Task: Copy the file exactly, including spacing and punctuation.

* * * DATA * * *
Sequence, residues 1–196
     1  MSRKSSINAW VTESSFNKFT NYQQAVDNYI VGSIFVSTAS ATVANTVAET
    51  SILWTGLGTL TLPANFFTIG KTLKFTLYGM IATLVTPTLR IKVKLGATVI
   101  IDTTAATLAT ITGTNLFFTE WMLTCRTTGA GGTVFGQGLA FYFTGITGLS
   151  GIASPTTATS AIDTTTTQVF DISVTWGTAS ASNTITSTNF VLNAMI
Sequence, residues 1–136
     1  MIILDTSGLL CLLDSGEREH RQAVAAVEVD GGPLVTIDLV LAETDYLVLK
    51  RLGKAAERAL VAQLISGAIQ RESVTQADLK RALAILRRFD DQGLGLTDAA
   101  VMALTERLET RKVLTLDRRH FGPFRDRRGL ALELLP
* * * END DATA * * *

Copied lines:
Sequence, residues 1–196
     1  MSRKSSINAW VTESSFNKFT NYQQAVDNYI VGSIFVSTAS ATVANTVAET
    51  SILWTGLGTL TLPANFFTIG KTLKFTLYGM IATLVTPTLR IKVKLGATVI
   101  IDTTAATLAT ITGTNLFFTE WMLTCRTTGA GGTVFGQGLA FYFTGITGLS
   151  GIASPTTATS AIDTTTTQVF DISVTWGTAS ASNTITSTNF VLNAMI
Sequence, residues 1–136
     1  MIILDTSGLL CLLDSGEREH RQAVAAVEVD GGPLVTIDLV LAETDYLVLK
    51  RLGKAAERAL VAQLISGAIQ RESVTQADLK RALAILRRFD DQGLGLTDAA
   101  VMALTERLET RKVLTLDRRH FGPFRDRRGL ALELLP